September 21, 2014
The unanswered question of whether the US Government can access your email stored in a non-US location took a new twist on Thursday with the introduction of new legislation that attempts to limit that access - http://www.hatch.senate.gov/public/_cache/files/1f3692d5-f41f-4c73-acf2-063c61da366f/LEADS%20Act,%20September%2018,%202014.pdf
The bi-partisan Senate bill, called the Law Enforcement Access to Data Stored Abroad (LEADS) Act, would amend the woefully outdated Stored Communications Act of 1986, would require that courts issue warrants when requesting content from service providers for both US and foreign citizens when data is stored in the US - or to notify users directly if a warrant is not issued. As significantly, it calls for warrants for data of US citizens stored abroad to be modified or vacated if found to violate the laws of a foreign country.
Not surprisingly, the Act was quickly applauded by Microsoft's General Counsel Brad Smith (http://blogs.microsoft.com/on-the-issues/2014/09/18/new-milestone-conversation-electronic-privacy-laws/), who stated:
“It is important that government demands for customer data comply with the laws of countries where the data are stored. And these laws must provide adequate legal protections for the privacy and human rights of users”
If enacted, the Act would apply only to data of US citizens - with warrants for non-US data of non-US citizens continuing to be addressed by the Mutual Legal Assistance Treaties (MLATs).
The LEADs Act would provide a big step forward in transparency by requiring warrants for data stored in the US ("warrant for content"), and in creating more uniform guidance for US citizen data stored abroad in light of data privacy mandates in those jurisdictions. However, its passage would accompanied by complications including;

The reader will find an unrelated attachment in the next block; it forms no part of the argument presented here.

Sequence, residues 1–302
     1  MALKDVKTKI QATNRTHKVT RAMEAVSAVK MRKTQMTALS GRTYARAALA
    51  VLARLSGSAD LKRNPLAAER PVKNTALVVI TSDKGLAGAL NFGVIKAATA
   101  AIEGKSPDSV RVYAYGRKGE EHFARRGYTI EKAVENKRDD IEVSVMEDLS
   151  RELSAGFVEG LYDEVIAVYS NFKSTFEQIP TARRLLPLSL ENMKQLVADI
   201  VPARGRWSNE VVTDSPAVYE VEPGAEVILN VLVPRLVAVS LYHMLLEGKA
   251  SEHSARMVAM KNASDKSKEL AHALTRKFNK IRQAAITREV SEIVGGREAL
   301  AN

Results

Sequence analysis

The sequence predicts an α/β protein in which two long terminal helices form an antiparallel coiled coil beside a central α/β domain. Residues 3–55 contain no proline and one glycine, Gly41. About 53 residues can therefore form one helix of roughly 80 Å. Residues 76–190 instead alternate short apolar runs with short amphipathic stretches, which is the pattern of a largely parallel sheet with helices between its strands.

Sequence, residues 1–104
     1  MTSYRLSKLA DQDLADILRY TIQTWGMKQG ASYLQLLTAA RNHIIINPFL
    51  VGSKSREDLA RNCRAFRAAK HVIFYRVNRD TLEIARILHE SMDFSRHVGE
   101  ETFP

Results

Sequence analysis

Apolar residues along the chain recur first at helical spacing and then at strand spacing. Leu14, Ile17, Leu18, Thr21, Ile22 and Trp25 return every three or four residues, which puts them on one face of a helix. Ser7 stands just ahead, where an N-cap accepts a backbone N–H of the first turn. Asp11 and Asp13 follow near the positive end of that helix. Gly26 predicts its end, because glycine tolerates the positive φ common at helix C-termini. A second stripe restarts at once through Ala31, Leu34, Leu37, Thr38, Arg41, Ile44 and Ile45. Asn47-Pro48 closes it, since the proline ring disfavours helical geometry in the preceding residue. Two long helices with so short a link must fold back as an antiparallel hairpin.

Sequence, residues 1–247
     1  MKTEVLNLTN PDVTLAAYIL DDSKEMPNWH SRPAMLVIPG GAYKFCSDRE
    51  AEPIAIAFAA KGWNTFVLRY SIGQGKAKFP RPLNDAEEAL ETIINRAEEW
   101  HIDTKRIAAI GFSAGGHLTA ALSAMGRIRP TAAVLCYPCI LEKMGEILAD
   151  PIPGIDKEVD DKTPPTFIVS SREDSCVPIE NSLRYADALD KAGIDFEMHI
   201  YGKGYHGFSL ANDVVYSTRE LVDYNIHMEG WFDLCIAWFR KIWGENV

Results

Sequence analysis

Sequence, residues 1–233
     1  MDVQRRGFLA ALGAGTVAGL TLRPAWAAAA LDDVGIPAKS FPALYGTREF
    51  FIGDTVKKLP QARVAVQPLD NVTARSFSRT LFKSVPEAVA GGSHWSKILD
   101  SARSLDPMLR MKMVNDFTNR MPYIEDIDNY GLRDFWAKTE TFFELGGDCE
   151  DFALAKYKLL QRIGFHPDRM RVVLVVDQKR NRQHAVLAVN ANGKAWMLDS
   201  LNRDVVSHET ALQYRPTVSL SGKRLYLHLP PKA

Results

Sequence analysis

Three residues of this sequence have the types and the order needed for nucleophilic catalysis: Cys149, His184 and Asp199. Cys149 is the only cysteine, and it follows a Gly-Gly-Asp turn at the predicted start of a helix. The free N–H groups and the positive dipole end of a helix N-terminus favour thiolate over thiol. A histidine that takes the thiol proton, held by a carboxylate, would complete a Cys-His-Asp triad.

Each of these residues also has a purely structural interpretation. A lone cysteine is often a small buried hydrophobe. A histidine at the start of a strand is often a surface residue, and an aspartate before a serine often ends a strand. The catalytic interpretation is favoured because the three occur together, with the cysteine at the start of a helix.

- The ability to quickly and accurately identify nationality and status of end user data
- Reaction from foreign governments to processes that can be used by the US government to collect their citizen's data stored in the US
- The potential impact on new data locality requirements
- The unequal processes for US citizens and foreign nationals, in particular in light of a slow and inefficient MLAT system
These complications- along with the simple challenge of determining the location of data stored by a cloud provider utilizing a multi-tenant storage model - will no doubt be thoroughly debated as the LEADs Act makes its way through congress.
However, in light of LEAD Act, organizations evaluating cloud providers now are well served to:
- Determine if the cloud provider has the ability to store data exclusively in the jurisdiction of your choosing
- Prioritize cloud providers that do not have readable access to information through the separation and client control of encryption keys
- Investigate policy management capabilities, in particular the ability to provide role-based access privileges to limit access to regional data to those with knowledge of data privacy mandates in those regions
Robert Cruz is Senior Director of eDiscovery and Information Governance, bringing 20+ years of Silicon Valley based subject matter expertise in the areas of eDiscovery and regulatory compliance. He works with Proofpoint customers via workshops, seminars, and industry conferences to share best practices and review changes in regulatory environments. He previously held similar posts within the ECM and eDiscovery markets, and holds an MBA from Stanford University.